War of the Rebellion: Serial 012 Page 0929 Chapter XXIII. BATTLE OF FAIR OAKS, OR SEVEN PINES.

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My command, consisting of the Eighty-first, Ninety-second, Eighty-fifth, and Ninety-eight New York Volunteers, numbered in the aggregate about 1,200. Of this number 400 of the effective officers and men were at the commencement of the engagement of picket guard or on duty with working parties. A great portion of these did not join their regiments, as they should have done, but were permitted by the officers in charge of them to ramble about, and of course doing but little service. The sick, or those reputed sick, in the brigade numbered some hundreds, and in some companies there were no commissioned officers-in the most of them not more than one-and I estimate the whole fighting force on the ground at less than 1,000 officers and men. For this condition of my command I hold myself in no way responsible; but this matter will be the subject of a special report.

It is fair to presume that with this force it was not expected to do much more than hold in check the enemy, who advanced so rapidly that while the men were in the rifle pits they were raked by a fire from both flanks.

The disposition of the regiments was made by the order of the commanding general of the division and was as follows: The Eighty-first was deployed in the field to the extreme left of our line and in front of the woods through which the enemy make the flank movement. The Eighty-fifth occupied the left rifle pits, while the Ninety-second and Ninety-eight were ordered to the front and to the support of the batteries.

A very short time after the Eighty-first was placed in position by myself, and while I was passing toward the right, the enemy a deadly fire. The commanding officer, Lieutenant-Colonel De Forest, was wounded, supposed mortally; the major, McAmbly, one captain, Kingman, and several men were killed, and many officers and men wounded. The enemy's fire was returned, but the force in front was too great for new troops and they retired, leaving many of their number on the field, to the woods only a few rods to the rear. The Eighty-fifth stood their ground well in the rifle pits, and I am convinced did good execution. My regiments were so situated and the smoke was so dense on the field that it was impossible for me to see more than one regiment at a time. While padding along the line I discovered that our whole position was gradually becoming enveloped, and that unless re-enforcements should soon arrive it must be abandoned.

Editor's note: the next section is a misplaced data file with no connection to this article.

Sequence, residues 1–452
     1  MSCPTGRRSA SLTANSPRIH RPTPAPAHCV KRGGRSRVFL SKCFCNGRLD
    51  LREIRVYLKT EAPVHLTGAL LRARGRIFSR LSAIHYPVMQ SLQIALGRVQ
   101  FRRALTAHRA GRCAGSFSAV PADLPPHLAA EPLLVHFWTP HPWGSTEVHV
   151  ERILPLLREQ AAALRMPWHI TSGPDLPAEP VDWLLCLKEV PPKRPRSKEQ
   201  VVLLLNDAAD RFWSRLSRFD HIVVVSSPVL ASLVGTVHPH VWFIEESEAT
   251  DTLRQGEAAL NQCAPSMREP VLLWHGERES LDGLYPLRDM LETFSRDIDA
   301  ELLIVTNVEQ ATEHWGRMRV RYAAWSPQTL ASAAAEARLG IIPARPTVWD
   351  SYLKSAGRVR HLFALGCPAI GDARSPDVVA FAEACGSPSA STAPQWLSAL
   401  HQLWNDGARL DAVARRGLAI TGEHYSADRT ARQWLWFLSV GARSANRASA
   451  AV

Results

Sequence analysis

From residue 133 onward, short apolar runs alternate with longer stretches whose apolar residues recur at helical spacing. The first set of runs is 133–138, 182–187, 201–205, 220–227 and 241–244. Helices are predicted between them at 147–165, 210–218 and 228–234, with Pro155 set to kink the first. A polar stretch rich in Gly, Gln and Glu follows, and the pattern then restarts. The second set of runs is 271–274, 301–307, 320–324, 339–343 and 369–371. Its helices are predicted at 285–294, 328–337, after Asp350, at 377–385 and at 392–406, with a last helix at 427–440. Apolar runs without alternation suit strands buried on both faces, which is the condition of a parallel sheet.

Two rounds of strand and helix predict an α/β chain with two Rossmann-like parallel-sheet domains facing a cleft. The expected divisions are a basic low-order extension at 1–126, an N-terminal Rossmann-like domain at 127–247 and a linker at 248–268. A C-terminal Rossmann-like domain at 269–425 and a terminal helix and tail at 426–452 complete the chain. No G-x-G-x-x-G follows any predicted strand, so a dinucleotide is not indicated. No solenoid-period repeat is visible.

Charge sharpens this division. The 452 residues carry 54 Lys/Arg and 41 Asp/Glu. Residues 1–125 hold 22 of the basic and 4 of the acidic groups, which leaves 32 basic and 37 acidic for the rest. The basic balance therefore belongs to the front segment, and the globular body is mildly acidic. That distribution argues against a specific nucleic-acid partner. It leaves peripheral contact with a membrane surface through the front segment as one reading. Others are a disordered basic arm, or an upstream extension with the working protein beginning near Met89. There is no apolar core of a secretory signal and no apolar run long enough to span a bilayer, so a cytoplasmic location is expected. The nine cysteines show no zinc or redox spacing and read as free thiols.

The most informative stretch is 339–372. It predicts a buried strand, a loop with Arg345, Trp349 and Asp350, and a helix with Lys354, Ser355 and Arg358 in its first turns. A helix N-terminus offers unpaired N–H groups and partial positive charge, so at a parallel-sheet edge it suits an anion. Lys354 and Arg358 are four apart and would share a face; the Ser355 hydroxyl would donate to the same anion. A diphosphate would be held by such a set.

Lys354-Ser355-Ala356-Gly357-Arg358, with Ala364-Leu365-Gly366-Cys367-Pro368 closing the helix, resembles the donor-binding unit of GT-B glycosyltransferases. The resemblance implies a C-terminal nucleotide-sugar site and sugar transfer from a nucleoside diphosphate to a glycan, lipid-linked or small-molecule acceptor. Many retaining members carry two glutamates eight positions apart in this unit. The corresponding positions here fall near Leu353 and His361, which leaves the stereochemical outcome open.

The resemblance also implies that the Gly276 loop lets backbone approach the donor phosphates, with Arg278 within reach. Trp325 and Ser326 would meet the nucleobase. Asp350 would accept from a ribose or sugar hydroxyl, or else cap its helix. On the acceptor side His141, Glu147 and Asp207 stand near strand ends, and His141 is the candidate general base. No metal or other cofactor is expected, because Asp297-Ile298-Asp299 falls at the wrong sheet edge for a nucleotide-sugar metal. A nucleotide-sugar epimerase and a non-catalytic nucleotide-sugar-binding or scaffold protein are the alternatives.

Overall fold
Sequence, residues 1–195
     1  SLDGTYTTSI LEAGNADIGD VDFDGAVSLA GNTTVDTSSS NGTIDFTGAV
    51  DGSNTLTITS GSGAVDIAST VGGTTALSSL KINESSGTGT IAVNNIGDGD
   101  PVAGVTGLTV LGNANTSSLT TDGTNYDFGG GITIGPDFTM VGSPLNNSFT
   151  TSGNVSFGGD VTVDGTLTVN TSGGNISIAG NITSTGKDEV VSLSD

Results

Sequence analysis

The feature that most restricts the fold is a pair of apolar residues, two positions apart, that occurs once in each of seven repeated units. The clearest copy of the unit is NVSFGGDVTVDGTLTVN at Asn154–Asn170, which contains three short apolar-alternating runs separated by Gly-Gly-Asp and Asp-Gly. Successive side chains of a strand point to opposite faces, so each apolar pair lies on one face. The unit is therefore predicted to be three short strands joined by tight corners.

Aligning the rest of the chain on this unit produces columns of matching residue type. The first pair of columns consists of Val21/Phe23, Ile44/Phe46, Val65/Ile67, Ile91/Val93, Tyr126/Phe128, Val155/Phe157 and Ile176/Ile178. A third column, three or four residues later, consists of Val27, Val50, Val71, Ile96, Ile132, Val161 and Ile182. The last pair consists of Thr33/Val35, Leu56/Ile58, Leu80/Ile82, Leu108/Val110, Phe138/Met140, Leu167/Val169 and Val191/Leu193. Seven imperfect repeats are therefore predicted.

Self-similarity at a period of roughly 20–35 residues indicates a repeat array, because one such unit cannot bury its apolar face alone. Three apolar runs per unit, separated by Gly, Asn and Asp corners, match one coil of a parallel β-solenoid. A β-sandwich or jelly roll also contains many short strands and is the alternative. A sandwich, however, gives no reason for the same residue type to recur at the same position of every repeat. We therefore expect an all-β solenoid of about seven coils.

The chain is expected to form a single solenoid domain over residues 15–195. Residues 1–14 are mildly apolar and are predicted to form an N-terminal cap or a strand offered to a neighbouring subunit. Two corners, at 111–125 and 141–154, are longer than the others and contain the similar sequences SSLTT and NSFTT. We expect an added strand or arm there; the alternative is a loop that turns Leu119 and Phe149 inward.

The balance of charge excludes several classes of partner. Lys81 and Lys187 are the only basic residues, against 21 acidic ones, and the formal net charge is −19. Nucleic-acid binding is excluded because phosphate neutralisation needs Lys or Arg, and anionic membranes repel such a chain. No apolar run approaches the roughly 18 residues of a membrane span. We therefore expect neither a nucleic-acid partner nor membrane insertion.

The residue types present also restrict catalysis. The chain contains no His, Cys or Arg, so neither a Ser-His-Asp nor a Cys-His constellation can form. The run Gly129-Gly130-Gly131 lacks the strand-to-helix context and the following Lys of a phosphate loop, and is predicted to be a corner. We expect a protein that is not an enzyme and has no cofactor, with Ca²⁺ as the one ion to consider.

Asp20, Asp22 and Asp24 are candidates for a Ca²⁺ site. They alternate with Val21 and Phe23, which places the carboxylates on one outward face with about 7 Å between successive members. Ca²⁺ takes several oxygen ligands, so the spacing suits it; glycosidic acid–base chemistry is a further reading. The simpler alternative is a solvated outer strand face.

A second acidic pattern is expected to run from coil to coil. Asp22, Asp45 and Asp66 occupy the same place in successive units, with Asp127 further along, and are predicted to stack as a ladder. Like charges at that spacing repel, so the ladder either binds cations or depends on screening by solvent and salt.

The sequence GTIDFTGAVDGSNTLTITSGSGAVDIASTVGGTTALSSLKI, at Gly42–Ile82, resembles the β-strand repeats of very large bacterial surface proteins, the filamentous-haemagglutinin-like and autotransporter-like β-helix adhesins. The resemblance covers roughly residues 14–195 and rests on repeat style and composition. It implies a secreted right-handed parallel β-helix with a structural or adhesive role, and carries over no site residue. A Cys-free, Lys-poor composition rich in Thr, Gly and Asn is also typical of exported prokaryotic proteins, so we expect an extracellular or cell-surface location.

Shortly after this the divisions of Kearny and Hooker arrived, but not until the enemy had possession of the position where the engagement commenced, and which they continued to possess until they chose to retire, which was on Monday morning, more than thirty hours after the battle. I only mention this fact to show the injustice of attaching

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